+ info: Palgrave Macmillan

This book investigates ways in which global media coverage of conflicts affects the worldviews of the social and cultural values of nationals from the war regions. It identifies the cultural patterns in remote communities that have been ‘diluted’ by IT and the extent to which the changes impacted the values of the indigenes. It also describes the role that IT especially social media and broadcast media play in the understanding of war among residents in highly wired and remote communities, respectively.


  1. Terrorism as Media Propaganda: A Theoretical Approach, Charles Okigbo  (et al.)
  2. Online Radicalisation and Africa’s Youth: Implications for Peacebuilding Programmes, Adebayo Fayoyin
  3. Social Media Use Among the Youth and Working Class: Conditions for Remediating Globalization and Cultural Space, Emmanuel K. Ngwainmbi
  4. Fake News Reporting on Social Media Platforms and Implications for Nation-State Building, Emmanuel K. Ngwainmbi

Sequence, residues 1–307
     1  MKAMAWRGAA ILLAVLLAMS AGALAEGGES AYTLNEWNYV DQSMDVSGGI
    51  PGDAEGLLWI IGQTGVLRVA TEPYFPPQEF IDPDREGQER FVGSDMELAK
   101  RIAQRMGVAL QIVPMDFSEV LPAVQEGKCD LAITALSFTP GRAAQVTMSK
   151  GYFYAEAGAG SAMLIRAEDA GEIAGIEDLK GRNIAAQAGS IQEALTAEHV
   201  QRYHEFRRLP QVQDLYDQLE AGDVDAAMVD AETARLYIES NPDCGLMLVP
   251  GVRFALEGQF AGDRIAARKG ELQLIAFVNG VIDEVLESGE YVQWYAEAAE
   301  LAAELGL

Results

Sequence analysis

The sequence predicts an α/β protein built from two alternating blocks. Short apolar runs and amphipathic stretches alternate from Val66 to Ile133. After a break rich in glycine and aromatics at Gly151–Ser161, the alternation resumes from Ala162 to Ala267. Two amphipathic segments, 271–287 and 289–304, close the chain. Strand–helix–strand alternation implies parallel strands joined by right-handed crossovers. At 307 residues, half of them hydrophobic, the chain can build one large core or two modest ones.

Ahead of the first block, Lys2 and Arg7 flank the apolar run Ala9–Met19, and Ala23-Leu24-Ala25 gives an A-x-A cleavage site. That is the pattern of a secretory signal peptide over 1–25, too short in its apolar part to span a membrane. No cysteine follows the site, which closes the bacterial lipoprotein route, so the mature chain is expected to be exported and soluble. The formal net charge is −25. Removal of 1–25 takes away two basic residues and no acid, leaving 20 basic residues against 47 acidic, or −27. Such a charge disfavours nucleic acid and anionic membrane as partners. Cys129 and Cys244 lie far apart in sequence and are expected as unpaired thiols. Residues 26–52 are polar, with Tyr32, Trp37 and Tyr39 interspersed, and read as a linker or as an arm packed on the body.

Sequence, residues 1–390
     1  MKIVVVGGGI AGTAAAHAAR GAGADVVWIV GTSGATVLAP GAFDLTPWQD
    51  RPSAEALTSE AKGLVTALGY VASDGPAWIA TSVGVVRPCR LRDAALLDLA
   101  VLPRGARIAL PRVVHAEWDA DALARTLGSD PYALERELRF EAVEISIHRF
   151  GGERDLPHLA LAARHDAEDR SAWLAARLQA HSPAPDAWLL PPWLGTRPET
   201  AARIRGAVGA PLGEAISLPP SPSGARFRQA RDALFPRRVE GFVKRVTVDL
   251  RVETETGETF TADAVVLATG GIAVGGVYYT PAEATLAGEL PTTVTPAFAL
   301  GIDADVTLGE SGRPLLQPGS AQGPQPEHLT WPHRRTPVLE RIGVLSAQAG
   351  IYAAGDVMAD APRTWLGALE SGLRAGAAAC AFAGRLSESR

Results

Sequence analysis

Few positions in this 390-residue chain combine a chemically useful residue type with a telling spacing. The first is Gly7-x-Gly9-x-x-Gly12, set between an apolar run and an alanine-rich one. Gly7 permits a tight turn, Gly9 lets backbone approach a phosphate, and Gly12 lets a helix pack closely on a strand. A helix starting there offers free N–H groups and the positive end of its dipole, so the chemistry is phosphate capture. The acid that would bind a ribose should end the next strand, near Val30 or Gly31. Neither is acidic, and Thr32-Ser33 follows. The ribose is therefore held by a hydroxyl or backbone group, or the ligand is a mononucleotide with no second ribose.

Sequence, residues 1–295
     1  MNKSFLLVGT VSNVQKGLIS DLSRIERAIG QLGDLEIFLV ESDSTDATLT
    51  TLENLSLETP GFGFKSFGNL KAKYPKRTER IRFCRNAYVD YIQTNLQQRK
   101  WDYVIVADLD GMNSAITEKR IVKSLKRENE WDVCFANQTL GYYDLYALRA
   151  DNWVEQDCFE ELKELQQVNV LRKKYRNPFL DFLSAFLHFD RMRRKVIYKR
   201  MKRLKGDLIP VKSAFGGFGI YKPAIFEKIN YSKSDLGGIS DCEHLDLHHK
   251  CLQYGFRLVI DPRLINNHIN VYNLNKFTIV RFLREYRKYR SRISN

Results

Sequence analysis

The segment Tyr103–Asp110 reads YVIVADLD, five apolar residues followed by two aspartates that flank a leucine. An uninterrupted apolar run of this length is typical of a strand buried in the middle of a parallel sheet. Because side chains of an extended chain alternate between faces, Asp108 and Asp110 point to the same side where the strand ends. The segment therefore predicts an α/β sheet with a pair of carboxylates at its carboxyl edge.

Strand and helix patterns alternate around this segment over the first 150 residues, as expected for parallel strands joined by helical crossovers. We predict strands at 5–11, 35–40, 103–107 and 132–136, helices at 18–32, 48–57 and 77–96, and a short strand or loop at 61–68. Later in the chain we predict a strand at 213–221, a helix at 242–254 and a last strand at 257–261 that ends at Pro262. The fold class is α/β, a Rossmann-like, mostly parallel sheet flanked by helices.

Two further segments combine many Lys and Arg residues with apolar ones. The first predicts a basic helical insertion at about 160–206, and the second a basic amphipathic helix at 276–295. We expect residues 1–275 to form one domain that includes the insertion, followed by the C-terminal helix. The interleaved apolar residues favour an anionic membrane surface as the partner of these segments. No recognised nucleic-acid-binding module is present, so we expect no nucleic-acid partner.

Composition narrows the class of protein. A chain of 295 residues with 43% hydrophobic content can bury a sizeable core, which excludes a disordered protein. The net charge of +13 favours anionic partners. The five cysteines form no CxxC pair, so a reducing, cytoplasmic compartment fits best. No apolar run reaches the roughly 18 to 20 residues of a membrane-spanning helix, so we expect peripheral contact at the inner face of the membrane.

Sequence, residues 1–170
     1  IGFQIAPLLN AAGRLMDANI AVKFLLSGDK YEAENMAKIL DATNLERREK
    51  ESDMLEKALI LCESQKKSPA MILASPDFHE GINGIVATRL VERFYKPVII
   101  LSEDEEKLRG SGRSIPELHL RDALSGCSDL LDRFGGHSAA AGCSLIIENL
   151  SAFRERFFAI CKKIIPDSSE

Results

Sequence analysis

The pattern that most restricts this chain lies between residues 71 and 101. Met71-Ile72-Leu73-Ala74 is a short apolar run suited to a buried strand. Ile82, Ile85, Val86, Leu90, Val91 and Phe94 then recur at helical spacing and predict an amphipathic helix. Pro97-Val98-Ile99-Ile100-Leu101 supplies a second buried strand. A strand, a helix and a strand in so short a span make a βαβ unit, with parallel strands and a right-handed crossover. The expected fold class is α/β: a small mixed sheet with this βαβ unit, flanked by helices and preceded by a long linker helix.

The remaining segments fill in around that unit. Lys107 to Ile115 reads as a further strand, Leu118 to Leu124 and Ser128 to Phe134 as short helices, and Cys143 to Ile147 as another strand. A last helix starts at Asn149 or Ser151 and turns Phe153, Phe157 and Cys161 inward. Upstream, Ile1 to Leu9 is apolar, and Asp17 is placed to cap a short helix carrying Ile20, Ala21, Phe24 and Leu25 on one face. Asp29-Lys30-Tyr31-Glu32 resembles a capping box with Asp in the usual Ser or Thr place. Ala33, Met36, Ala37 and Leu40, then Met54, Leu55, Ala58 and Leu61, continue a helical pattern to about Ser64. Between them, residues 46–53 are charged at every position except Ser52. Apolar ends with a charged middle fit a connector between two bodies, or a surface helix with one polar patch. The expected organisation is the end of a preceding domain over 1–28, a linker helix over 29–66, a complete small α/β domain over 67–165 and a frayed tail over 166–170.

5. Confronting the Lion with Bare Hands: Social Media and the Anglophone Cameroonian Protest, Kehbuma Langmia
  6. Young Women and Internet Cafés in China: Risks and Aspirations in a Contested Techno-social Space, Janice Hua Xu
  7. A Textual Analysis of Chinese Netizens’ Reactions to Counter-Terrorism Reports on The People’s Daily from 2010 to 2017, Wei Sun
  8. Media Coverage of the Chibok Girls Kidnapping in Regionally Different African Newspapers, Seseer Mou-Danha
  9. The Complexity of Issue-Attention and International Media Reporting of Africa’s Protracted Wars and Conflicts, Adebayo Fayoyin
  10. Foreign Correspondents and the Imagination of Africa, Muiru Ngugi
  11. One Culture, Different Perceptions: The Role of Politics in the Work of Journalists in Two Arab Countries, Mahmoud M. Galander

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